Business

The price of Japanese reconstruction

BBC business editor Robert Peston on the tsunami aftermath

More than £400bn has now been wiped off the stock market value of Japan's bigger companies since the quake and tsunami hit on Friday.

On one measure, Japanese shares have fallen more over two days than since the crash of October 1987.

Shares in some of the country's biggest and best known international companies - such as Toyota, Sony and Panasonic - plunged again. The price of the country's mega banks also dropped sharply.

The contagion spread to the price of Japanese government bonds, which fell - rather than benefiting, which is what often happens, from a shift by investors out of assets, such as shares, perceived to be riskier.

Because of the sheer size of the Japanese national debt (more than 200% of GDP and rising) and the magnitude of the government's deficit, fears are increasing about the cost of any programme to rebuild the devastated areas and national infrastructure - and what impact that will have on the health of the nation's finances.

The risk that a wide area around the Fukushima nuclear plant may have been contaminated is now weighing heavily on markets.

Although Japan's central bank yesterday doubled the size of its programme to buy financial assets, including government bonds, to $121bn or £76bn, that programme remains a fraction of what the US Federal Reserve has been deploying to stimulate domestic economic activity - so some are saying the Bank of Japan is not doing enough to bolster investors' confidence.

On the basis of the cost of insuring state debt, the credit of the government of the world's third biggest economy and second biggest exporter is now perceived to be as risky as that of nations on the fringes of Europe such as Estonia and the Czech Republic, according to Bloomberg, which cites data from CMA.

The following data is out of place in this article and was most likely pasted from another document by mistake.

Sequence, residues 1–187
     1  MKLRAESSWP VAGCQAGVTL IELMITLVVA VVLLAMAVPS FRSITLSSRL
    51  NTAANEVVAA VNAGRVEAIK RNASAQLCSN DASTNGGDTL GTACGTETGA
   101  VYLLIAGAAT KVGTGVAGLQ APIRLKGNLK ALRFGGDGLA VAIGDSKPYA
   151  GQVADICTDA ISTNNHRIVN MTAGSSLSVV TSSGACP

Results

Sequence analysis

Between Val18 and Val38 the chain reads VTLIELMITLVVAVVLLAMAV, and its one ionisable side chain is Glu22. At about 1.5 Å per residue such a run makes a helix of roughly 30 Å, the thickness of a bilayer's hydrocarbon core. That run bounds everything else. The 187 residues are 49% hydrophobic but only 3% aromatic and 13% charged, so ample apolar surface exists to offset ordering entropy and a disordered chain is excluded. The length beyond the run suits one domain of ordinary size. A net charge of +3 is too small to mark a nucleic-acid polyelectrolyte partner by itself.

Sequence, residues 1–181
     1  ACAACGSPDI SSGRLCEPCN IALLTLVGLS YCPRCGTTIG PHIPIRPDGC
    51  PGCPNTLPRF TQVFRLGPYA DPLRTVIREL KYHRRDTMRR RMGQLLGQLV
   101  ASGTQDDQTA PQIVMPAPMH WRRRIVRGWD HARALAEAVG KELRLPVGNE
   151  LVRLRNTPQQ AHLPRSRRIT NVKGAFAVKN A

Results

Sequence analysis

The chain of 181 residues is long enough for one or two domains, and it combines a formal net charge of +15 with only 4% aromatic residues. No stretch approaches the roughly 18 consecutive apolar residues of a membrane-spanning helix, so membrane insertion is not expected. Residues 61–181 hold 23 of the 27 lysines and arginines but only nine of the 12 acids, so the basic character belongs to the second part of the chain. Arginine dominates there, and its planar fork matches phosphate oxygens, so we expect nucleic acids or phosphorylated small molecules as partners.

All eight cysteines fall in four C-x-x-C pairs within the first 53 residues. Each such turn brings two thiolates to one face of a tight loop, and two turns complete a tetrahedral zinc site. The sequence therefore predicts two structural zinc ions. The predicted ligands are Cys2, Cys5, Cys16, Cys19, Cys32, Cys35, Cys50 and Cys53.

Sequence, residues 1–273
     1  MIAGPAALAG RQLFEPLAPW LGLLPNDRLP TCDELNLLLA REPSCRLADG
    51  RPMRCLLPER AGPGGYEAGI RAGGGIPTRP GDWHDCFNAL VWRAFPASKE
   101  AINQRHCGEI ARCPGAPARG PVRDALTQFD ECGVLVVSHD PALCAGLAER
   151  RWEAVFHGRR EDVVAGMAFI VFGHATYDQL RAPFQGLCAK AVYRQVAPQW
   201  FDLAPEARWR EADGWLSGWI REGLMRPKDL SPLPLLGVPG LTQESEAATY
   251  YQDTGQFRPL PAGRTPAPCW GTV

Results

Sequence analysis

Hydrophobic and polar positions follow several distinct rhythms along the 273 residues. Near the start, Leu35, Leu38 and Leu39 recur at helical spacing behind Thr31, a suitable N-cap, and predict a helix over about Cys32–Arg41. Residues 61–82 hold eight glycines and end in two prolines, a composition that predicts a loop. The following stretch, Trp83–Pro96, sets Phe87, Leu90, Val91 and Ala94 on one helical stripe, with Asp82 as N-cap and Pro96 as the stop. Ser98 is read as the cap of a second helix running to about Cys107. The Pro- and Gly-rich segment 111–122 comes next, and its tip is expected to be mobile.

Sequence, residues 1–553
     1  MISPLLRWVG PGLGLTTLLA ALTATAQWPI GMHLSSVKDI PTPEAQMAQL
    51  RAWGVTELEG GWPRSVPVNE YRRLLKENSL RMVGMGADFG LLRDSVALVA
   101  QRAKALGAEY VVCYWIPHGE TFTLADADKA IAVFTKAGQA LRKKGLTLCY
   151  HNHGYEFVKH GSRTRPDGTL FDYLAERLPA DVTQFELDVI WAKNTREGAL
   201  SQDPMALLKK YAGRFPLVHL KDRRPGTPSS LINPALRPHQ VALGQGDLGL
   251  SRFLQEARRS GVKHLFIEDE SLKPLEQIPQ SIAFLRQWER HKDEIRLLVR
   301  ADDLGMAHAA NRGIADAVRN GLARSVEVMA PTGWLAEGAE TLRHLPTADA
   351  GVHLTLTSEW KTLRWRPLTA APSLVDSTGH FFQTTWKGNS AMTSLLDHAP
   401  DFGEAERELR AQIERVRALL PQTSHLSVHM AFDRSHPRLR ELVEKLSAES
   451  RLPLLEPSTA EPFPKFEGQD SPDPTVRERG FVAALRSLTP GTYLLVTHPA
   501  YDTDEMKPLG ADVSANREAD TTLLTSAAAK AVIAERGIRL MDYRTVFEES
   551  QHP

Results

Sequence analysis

So what will be the impact of all this on the rest of the world? Although the Japanese economy and markets are vast, its almost 20 years in the doldrums after 1990 did not prevent something of an economic golden age elsewhere (at least till 2007).

But this time it may be different. Growth in the developed economies of the West remains fragile. The global financial system is not fully restored to health.

There cannot be total insulation elsewhere from the sheer size of the market movements in Japan. At the very least share prices in Europe are likely to weaken and assets traditional seen as safe - gold and US government bonds - will probably rise.

As for oil, if the perception grows that Japanese manufacturing activity will remain depressed for a while, its price will weaken - although the instability in the Gulf continues to exert upward pressure on the oil price. And to state the bloomin' obvious, shares in those businesses with a huge stake in expanding nuclear generation, such as the UK's Centrica and France's Areva and EDF, will remain under pressure.

What remains shrouded in fog is whether the combination of the Japanese debacle, with the momentous and uncertain events in the Middle East, will derail a worldwide economic recovery which is neither entrenched nor particularly robust.

You can keep up with the latest from business editor Robert Peston by visiting his blog on the BBC News website.

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